The midsection is quite natural and transparent. It produces an amazing sense of airiness on the stage that makes acoustic instruments, Pianos sound beautiful and detailed. The acoustic guitar in Heart Full Of Wine by Angus & Julia Stone sounds pretty detailed, simply loved it. For vocals, I found that both the male and female vocals stand out in the pair, and conveys the emotions well. When Yao Si Ting sings Speaks Softly My love, I just get lost in her voice, simply magical.


The higher frequencies are presented in a laid back manner, but that doesn’t make the pair boring in any way. It retrieves crisp detailing in instruments, just that there is no sibilance or fatiguing in Violins, Electric Guitars, or mouth organs. With the SeeAudio Anou, I was able to listen to music for hours in a single sitting without getting tired.

Soundstage and Imaging:-

I loved the soundstage representation of the SeeAudio Anou. It has more depth to it rather than width and presents a very beautiful airy stage for your music to shine on. In terms of dynamics, the pair performs quite well and shows good imaging/layering characteristics.

Final Verdict:-

For just 169$, I just can’t believe how well the SeeAudio Anou performs. It has a bit of shyness in the sub-bass portion and a slight bit of roll-off in the upper treble portion, but that doesn’t stop the pair from performing. It performed quite well for the genres that I prefer(Rock, Pop, Indian Regional, Vocals) and presented me with a relaxed non-tiring sound response. I would recommend the Anou eyes closed for its super smooth music presentation. Now on to some comparisons.

SeeAudio Anou Vs Etymotic ER2XR:-

>Both will have their own fit issues with the users as one deeply penetrates(ER2XR) and the other sits on the outer cavity of your ear(Anou). Anou might give fit complaints with users with small ears.

>The Anou presented a better soundstage with a good sense of depth while the ER2XR had a narrower stage presentation.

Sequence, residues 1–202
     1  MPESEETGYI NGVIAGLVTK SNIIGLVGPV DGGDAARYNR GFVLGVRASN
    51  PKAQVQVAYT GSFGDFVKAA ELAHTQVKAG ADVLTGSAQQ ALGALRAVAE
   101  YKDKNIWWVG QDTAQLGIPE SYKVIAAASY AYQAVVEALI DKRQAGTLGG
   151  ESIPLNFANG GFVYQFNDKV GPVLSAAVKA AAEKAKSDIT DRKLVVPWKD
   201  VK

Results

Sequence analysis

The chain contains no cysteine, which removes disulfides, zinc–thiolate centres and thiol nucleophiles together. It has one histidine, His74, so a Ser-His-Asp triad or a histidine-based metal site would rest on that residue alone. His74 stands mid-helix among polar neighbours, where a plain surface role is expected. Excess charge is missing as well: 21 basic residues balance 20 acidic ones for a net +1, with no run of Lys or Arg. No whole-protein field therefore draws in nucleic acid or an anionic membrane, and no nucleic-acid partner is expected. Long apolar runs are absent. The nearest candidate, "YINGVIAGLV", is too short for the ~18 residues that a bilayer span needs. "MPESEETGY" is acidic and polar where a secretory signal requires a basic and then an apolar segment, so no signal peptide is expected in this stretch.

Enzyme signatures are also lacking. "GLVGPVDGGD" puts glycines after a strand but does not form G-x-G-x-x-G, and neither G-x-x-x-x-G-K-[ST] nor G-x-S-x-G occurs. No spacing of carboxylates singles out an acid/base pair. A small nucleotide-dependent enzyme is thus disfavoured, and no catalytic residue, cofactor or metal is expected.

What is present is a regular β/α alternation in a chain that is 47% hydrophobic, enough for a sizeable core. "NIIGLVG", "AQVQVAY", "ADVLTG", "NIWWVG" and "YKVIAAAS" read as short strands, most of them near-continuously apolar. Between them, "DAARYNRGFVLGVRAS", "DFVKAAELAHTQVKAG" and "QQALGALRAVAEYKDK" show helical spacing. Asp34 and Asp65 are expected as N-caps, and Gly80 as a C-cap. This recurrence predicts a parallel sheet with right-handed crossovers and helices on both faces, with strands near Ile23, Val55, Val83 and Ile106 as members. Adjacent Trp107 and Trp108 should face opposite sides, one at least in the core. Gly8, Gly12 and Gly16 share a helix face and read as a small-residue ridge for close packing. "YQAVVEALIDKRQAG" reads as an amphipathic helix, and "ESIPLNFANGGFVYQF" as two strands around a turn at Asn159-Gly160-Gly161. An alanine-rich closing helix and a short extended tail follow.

>The ER2XR produces a more natural response, better sub-bass while the Anou presents a more fun and smoother presentation.

SeeAudio Anou Vs BGVP DM7:-

>The DM7 has an aggressive sound as compared to the Anou.

>DM7 produces better bass extensions.

>Anou sounds smoother while the DM7 sounds brighter.

>DM7 costs almost double the Anou.


100+ Head-Fier
See Audio Anou/Yume Review
Pros: Well tuned Harman, good extensions, All-rounder, Fit, Gorgeous aesthetics and Solid Build
Cons: A slight peak in its treble that may cause fatigue, some may find upper-midrange a little forward
More Reviews at!

Driver Setup: 1 Dynamic Driver, 2 Balanced Armatures

Price: US$169



Disclaimer: This review set is a demo set graciously lent to me by Daniel at Oardio and the review is written of my own accord and all thoughts are my own. The See Audio Anou/Yume is available for purchase from Oardio through their website should you find yourself interested in a pair.

This is a review for the See Audio Anou/Yume. See Audio is a relatively new company originating from China that started from constructing CIEMs. The Anou/Yume is their entry-level IEM that sports a hybrid design and they do have premium offerings such as the Kaguya and the Neo that caters to those that are looking out for new TOTL offerings in the market right now. With regards to the naming convention, the IEM has 2 names, "Anou" being used within Japan and "Yume" for rest of the world and this review, I will be using "Anou" as the unit that I reviewed was the Japan release version but they are essentially the same thing. You can know more about See Audio on their Facebook Page.

Build Quality and Fit (Score: 9.5/10)